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Thursday, May 28, 2009

What, and Who, is a "Good" Justice?

In a previous post I asked whether brilliance is necessary for a justice, and whether more intelligence = better judging.  I intimated that my inclination was that beyond a certain (very high) level of intelligence, I saw no evidence that yet more intelligence led to better judging.  Larry Solum and others have taken me to task in a variety of ways (check out the comments and Larry's post at his blog for the roasting).

In order to begin to respond to the questions Larry and others raise, let's begin with this: what makes for a good Supreme Court justice?  What are the criteria, and who are the examples?

Posted by Hillel Levin on May 28, 2009 at 06:07 PM | Permalink


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It seems to me that you cannot answer Larry's question re: whether more brilliance (or intelligence) is valuable until you answer the antecedent question you've posted here: what, exactly, does it mean to be a "brilliant" justice? If that answer includes, as Larry posited, a well-rounded, multi-faceted intelligence, than it seems likely that "more" of the whole package will be useful.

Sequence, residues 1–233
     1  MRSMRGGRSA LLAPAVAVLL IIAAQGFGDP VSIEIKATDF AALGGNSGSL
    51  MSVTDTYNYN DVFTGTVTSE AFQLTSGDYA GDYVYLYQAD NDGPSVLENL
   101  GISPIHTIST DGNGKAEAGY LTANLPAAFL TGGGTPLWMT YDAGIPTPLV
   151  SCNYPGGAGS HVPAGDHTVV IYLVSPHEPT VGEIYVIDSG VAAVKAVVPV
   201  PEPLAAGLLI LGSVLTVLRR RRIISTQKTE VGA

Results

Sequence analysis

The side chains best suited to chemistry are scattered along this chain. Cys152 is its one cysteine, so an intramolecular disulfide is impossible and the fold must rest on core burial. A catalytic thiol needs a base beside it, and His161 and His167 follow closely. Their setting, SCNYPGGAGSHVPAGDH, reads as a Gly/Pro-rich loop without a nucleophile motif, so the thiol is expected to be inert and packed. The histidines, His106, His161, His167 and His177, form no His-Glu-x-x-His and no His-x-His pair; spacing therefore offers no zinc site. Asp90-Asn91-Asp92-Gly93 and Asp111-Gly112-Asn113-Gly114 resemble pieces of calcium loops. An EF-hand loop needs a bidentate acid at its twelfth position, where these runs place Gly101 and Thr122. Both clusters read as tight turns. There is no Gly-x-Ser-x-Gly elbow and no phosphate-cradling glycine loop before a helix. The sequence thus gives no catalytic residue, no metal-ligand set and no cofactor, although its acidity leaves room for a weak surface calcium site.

The problem, of course, is that few people come with equal quantities of each element in that well-rounded package. So I think the question you’re really trying to ask is this: is there a point at which an incremental increase in one particular type of intelligence (like analytical intelligence) is not worth giving up an incremental increase in a different form of intelligence (like practical wisdom)? In other words, what trade offs are worth it: is a slight increase in the knowledge of prior precedent worth trading for a bit more writing skill? Is a bit more analytical power worth a giving up some interpersonal skills?

A final thought: one thing that has troubled me about the "brilliance" conversation (over all, not in these posts) is the implication that there is a "best" person for a job like this. But of course there isn't; there is a pool of qualified people, each of whom brings a slightly differently balanced package of the necessary skills. How a given president (or senator) balances the importance of those different skills will, and should, vary with the circumstances presented.

Posted by: Lori Ringhand | May 29, 2009 7:48:27 AM

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